Tulving describes it as personal time travel (able to go forwards and
back)
store memory for personal events
uses or stores information that you can declare the existence of -- you
know what's in your memory and can describe something about the
memory (ie. how you can access it)
-
non declarative memory
things you can do
procedural memory
ie. how to tie your shoes
§
motor memory
ie. ability to type, ability to spell
§
memories that you can't really explain how you use them
ie. gradual association of the blue square and grey circle
-
ENCODING
intentional
studying, trying to learn something
learning a list of words
-
incidental
learning by association/exposure
learning grammar rules, lyrics/tune of popular songs, etc.
-
requires attention
cocktail party effect (attention shifts)
either intentional or incidental encoding you need to pay some kind of
attention to it
-
without the focused attention?
visual images are often acquired incidentally
drawing your car's dash or desktop icons
number of points of the maple leaf
need intentional encoding to say specifically how many points
§
incidental encoding allows you to know if its drawn right or wrong
§
-
EFFORT
effortful memory
requires effort to store/retrieve
study for an exam
-
automatic memory
retrieval can be done with few resources
many procedural memories and semantic memory
if you're trying to remember something
-
RETRIEVAL
explicit
trying to recall the information
told to remember it (could be automatic memory, but you're being told to
recall it)
ie. writing an exam
-
implicit
information influences performance without awareness
not aware that you're using your memory
your memory is influencing performance
-
studied differently
-
DURATION
sensory (less than a second)
-
short term/working memory/primary memory
short
7 +/- 2 chunks
active memory buffer
temporary storage
sensory information you're planning on integrating with your knowledge
center
having a conversation involves a lot of this
-
long term memory
no limit because it isn't a storage facility, it's just a connection of activation
declarative memory (the past)
semantic memory (facts)
-
A BASIC MODEL OF MEMORY
not how memory works
-
doens't accuratley describe neurological process of encoding information
-
The Modal Model
characteristics and design
2 different types of memory (suggests short term memory is seperate from
long term memory)
-
acquisition of memories
-
THE MODAL MODEL
Waugh & Norman; Atkinson & Shiffrin
-
original model of memory in psychology
-
information processing approach
memory is made of "bits" of information
-
this approach was influenced by introduction of modern computer technology
-
only way to get things to long term memory was to rehearse it for long enough
until it gets transferring to long term memory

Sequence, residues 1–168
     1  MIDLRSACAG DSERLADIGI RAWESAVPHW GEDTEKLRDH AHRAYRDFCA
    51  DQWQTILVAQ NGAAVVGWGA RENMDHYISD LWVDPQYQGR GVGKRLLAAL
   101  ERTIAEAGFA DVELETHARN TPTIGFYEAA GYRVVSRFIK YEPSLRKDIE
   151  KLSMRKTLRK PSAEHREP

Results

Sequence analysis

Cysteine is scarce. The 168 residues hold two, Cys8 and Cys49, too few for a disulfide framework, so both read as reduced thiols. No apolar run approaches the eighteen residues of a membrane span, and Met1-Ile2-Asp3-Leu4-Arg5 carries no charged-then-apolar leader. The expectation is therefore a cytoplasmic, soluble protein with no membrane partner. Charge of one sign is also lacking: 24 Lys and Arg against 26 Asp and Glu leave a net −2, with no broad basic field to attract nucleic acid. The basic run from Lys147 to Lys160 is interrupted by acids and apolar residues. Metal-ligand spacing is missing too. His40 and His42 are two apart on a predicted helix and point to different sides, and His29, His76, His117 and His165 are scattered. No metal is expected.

in reality, things can get into your long term memory without rehearsal
-
know this isn't how the brain works, but it is used to understand cognition behind
memory
-
computational/theoretical model
-
primary memory (PM)/short term memory (STM)
limited capacity
information decays because it is written over by new information
(computer metaphor)
-
secondary memory (SM)/long term memory (LTM)
large store (unlimited)
information can enter from PM by rehearsing it
-
information enters PM from outside (seeing/perceiving) or remembering
something from long term
-
you only have access to the short term memory store
-
SERIAL POSITION EFFECT
basic finding that shows short and long term memory
-
free recall
subject is given list of 20+ words to memorize
asked to recall as many as they can
-
suggests we remember first and last things in a long list more than anything in the
middle
-
sometimes the beginning or end of the curve is affected depending how the study
is done
-
good performance in the beginning and end
-
primacy effect: first words, rehearsed the longest, able to enter long term memory
-
recency effect: words that were most recently seen and are still in your short term
memory
-
the modal model suggests the primacy effect occurs because those words have
gone to the long term storage
-
decrease in the middle is because you were unable to rehearse them because they
were coming too fast
-
recency effect occurs because they're still in your short term memory
-
asked to remember 12 words
-
condition 1: asked to recall words immediately
good recency and primacy effect
-
condition 2: asked to wait 30s before recalling words
good recency and primacy effect
-
condition 3: recall words after 30s filled delay
destroys recency effect because the filler is taking up room in your short
term memory
-
subjects either given slow or fast presentation
-
the faster things go, the worse your performance is on primacy part of the curve
don't have enough time to rehearse words
the new words were coming so quick, so very few words are able to be
rehearsed
-
speed of presentation affects only primacy portion of the curve, leaves recency
portion unaffected
-
TWO MEMORY STORES
serial position effect
primacy represents items transferred into LTM
recency represents items still in STM
-
SHORT TERM MEMORY
short term/working memory
-
how short is it?
-
how is information stored?
coding
rehearsal
-
how is information transferred?
-
long term storage
short term storage
lecture 13: introduction to memory
Tuesday, October 31, 2017 9:35 AM